I was born in Angera, a small town in the North of Italy squeezed between the Alps and the Lake Maggiore. As a kid, my dream was to become a marine biologist, not because I was dreaming of swimming with dolphins but because I was in love with tiny colorful fish and nudibranchs. My passion for small creatures brought me where I am now, studying the diversity and stability of microbial communities in the face of environmental changes.

My scientific journey started at the University of Genova, where I obtained a B.Sc. degree in Marine Environmental Sciences, and continued at the University of Pisa, where I obtained a M.Sc. degree in Marine Biology and later a Ph.D. in Marine Ecology. During my PhD, I worked under the supervision of Lisandro Benedetti-Cecchi, investingating the impacts of pulse perturbations and the occurrence of regime shifts in microbial and algal communities of rocky shore habitats.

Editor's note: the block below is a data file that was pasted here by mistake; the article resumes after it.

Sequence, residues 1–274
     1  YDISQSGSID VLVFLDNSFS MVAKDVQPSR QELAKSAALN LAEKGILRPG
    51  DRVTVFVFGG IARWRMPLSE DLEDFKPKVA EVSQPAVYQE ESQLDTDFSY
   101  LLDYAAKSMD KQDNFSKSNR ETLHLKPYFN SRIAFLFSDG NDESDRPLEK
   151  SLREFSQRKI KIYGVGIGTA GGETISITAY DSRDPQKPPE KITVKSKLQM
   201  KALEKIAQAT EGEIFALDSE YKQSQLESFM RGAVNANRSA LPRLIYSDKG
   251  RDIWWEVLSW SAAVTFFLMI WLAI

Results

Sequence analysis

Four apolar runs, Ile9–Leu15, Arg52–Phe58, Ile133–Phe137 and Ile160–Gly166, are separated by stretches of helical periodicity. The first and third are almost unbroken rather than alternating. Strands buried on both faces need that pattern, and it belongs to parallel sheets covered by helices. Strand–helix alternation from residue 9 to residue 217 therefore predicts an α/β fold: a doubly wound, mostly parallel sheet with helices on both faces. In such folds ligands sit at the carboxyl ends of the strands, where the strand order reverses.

For my postdoc, I joined Jeff Gore’s group at MIT. Here, I became initially interested in the C. elegans - E. coli model system to explore foraging behaviors in patchy environments. More recently, I have decided to come back to community ecology. I am currently investigating the mechanisms that underpin the coexistence of species within microbial communities and, in particular, how available resources shape community diversity.